Trees Help Your Health
Numerous Studies have proven many health benefits of being surrounded by trees. These include: reduction in asthma, strokes and heart attacks, lower rates of diabetes and hypertension and general improved immune system function (to name a few).
Most of these benefits can linked to the fact that trees are giant air filters that clean and cool our air, but other research points to even more interesting ways tree help. For example, the color of light that trees create has been linked to lower blood pressure and stress chemicals. Some studies even show that the smell of trees can help you recover from electric shocks!
Trees are an essential part of helping people get outside, which is one of the most important thing you can do for your health. Doctors are prescribing nature for a variety of health reasons, and the evidence is mounting that being around trees improves all sorts of measurable aspects of your physical well being.
Whatever the reason, you are healthier when you live, work and play around trees!
Trees enhance Your Wealth
Trees make you, your neighborhood, your businesses, and your community more wealthy!
Plant and keep trees near your house! If they are on the south side, they can cut your air conditioning bills by half. Not to mention that trees in neighborhoods and front of houses can increase market prices by up to 20%.
Due to the immense environmental and ecological benefits of trees, including reduced air pollution, stormwater control, carbon storage, improved air quality, and reduced energy consumption, residents who live near a sufficient number of trees benefit from reduced utility bills and fewer diseases and stress, which have significant long term monetary savings.
Trees boost Your Happiness
Trees make us happier! Trees have significant and long-lasting impacts on all aspects of our mental health from birth to death, and all the activities we do in between.
Trees make us happy! Looking at trees or being around them increases our happiness, reduces stress, and even makes us more optimistic!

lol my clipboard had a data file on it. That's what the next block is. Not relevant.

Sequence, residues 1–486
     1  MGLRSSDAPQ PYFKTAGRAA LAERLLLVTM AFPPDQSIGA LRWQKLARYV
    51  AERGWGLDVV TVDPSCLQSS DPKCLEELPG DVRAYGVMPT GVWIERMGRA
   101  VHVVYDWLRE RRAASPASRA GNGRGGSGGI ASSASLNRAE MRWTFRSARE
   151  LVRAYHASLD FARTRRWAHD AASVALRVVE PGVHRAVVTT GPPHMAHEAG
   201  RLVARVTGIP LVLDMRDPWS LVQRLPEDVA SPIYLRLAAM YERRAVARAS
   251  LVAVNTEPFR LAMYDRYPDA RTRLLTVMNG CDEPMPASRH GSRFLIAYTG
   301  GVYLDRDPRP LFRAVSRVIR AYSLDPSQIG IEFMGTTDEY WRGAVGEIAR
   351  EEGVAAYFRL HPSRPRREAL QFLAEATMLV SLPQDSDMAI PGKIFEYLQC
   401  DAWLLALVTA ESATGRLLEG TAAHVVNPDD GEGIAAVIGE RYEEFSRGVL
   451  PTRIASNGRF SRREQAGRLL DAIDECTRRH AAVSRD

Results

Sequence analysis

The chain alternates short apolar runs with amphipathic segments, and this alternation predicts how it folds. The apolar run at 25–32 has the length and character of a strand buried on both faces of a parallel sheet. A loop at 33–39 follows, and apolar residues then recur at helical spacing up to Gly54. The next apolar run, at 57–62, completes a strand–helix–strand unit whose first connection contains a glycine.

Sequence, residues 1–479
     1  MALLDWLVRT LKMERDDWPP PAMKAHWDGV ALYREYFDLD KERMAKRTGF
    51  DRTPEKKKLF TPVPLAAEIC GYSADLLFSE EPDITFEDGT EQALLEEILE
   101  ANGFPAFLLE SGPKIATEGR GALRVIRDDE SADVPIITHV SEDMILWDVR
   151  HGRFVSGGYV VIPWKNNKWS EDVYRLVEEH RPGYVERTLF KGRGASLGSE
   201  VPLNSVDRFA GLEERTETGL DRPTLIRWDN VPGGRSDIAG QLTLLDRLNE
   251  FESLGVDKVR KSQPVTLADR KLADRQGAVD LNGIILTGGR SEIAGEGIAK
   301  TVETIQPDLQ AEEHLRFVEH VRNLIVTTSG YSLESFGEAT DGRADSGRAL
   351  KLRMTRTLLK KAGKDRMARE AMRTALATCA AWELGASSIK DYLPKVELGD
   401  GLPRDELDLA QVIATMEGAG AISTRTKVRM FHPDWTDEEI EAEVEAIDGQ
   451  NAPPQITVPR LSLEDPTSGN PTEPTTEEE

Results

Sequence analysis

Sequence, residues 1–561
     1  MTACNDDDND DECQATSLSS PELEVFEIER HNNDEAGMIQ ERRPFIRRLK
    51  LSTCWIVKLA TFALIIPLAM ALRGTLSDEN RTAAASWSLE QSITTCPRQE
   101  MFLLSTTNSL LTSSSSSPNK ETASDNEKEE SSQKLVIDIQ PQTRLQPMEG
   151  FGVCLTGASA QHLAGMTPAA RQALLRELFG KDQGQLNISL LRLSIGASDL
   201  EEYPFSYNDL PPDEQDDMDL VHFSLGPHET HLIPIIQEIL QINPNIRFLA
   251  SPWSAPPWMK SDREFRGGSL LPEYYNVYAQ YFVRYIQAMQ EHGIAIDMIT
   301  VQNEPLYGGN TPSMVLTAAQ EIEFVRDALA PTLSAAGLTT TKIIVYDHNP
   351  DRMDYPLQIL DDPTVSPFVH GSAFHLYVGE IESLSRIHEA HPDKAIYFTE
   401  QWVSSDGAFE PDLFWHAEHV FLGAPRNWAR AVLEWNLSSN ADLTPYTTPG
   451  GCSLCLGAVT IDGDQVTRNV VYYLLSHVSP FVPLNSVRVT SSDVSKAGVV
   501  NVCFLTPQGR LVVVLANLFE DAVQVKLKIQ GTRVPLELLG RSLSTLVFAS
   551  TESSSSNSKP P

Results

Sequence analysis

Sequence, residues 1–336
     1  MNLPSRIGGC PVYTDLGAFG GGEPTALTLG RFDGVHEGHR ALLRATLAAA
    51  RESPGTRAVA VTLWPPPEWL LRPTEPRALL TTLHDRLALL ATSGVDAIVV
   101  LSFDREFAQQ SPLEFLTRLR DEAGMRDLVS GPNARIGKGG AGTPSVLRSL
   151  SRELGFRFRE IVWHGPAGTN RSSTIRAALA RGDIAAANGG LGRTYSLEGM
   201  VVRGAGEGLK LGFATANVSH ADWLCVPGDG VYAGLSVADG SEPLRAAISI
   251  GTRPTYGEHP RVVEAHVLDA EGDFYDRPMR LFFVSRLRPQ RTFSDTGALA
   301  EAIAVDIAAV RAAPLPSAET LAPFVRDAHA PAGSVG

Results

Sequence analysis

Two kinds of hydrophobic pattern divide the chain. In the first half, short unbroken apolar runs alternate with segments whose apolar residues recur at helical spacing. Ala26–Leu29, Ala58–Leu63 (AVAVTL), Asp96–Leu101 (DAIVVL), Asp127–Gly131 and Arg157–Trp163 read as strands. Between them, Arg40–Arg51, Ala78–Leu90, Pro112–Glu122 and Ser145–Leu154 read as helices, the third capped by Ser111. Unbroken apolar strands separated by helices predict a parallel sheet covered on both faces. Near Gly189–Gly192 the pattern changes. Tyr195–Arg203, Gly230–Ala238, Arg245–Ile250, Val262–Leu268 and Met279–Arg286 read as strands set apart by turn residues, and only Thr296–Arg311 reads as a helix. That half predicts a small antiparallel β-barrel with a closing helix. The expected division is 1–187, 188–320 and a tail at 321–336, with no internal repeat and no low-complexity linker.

Trees help us as students by increasing our ability to focus, lowering incidents of ADD/ADHD, and reducing bullying and aggression. One study out of Chicago even found that kids going to schools with lots of trees scored higher on math tests!
Trees help us as adults (and probably always) by lowering our anxiety and depression and increasing our sense of peace and belonging.
These impacts are so big and important, the doctors are even prescribing to their patients spending time around trees and nature!
Trees For Wildlife
Trees provide food, shelter, and nesting spots to many species of organisms, and trees’ symbiotic relationships with many species of insects, birds, and mammals highlight the critical importance of trees in our ecosystems.
Bees eat the flowers on trees. Flowers provide nutrient-rich pollen and nectar that bees use for energy and to make honey. Bees, in return, cross-pollinate fruit trees with other tree varieties, which allows the trees to produce fruit.
Caterpillars and other insects burrow into trees to reproduce and eat tree leaves. These bugs become food for birds who are building nests, incubating eggs, and feeding young under the protection of a tree. Birds and small mammals eat tree flower buds.
Pine cones are food sources for birds and small animals, such as squirrels and chipmunks.
In cities, trees deflect sunlight, which reduces the ‘heat island effect’ that plagues urban areas. The Durham City-County Planning Department defines this: “The urban heat island effect explains why metropolitan areas are often significantly warmer than surrounding rural areas. As urban areas develop, buildings, roads, and other infrastructure replace open land and vegetation. These impermeable materials absorb and trap heat, causing ambient temperatures to rise. At night the trapped heat is radiated back into the atmosphere, further increasing the ambient temperatures. Heat islands can affect communities by raising summertime energy demand, air conditioning costs, air pollution, greenhouse gas emissions, and incidence of heat-related illness or mortality.”
TREES AND WATER
Trees mitigate stormwater runoff, which is rainfall that accumulates or flows over ground surfaces that don’t absorb water, like roads, driveways, parking lots, and rooftops. Stormwater runoff causes water pollution because the water collects bacteria and pollutants when it comes in contact with these surfaces, and ‘runs off’ through drains into streams and rivers. When stormwater does not have anywhere to go, it can cause flooding. Trees solve this problem by absorbing and holding great amounts of water and can protect neighborhoods and cities against flooding. Tree roots also protect against soil erosion during heaving rain or flooding.
Trees absorb CO2, helping to slow climate change and global warming. Young trees absorb CO2 at a rate of about 13 pounds per tree each year. At about 10 years old, they absorb about 48 pounds of CO2 per year. A tree stores the CO2’s carbon and releases enough oxygen back into the atmosphere to support two human beings. Beyond filtering the air, trees can even reduce noise pollution.